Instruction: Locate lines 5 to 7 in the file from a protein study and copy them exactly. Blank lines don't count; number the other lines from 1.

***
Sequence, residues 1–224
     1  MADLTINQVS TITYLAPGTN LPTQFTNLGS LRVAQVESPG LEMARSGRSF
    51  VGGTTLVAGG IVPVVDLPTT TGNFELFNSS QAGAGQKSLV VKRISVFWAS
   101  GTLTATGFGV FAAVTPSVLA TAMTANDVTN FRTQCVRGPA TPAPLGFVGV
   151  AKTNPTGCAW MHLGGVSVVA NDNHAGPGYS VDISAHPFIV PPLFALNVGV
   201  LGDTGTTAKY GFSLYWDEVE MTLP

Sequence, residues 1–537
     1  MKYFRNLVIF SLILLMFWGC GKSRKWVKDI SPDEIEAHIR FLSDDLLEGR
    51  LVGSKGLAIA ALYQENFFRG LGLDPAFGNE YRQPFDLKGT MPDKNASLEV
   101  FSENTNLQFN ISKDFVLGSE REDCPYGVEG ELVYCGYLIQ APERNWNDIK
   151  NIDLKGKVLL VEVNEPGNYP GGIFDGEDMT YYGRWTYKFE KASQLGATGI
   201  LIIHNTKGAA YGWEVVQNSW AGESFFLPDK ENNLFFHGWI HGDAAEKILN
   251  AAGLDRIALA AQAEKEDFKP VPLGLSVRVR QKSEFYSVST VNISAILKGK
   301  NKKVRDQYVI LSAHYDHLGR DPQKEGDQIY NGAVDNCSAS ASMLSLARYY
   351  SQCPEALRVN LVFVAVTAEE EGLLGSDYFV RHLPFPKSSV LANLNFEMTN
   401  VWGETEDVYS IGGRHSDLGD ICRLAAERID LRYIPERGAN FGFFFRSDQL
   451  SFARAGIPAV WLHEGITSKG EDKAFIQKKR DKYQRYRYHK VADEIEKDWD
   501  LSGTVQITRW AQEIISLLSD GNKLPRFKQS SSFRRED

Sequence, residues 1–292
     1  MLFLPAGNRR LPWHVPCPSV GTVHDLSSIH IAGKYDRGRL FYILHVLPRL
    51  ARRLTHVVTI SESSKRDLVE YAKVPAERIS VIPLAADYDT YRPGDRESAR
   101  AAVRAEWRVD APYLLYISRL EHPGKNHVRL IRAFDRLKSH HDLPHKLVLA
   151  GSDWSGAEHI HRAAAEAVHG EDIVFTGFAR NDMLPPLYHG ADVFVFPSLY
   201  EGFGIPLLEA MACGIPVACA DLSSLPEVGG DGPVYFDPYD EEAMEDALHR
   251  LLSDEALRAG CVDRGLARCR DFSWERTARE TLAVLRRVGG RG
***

   151  AKTNPTGCAW MHLGGVSVVA NDNHAGPGYS VDISAHPFIV PPLFALNVGV
   201  LGDTGTTAKY GFSLYWDEVE MTLP

Sequence, residues 1–537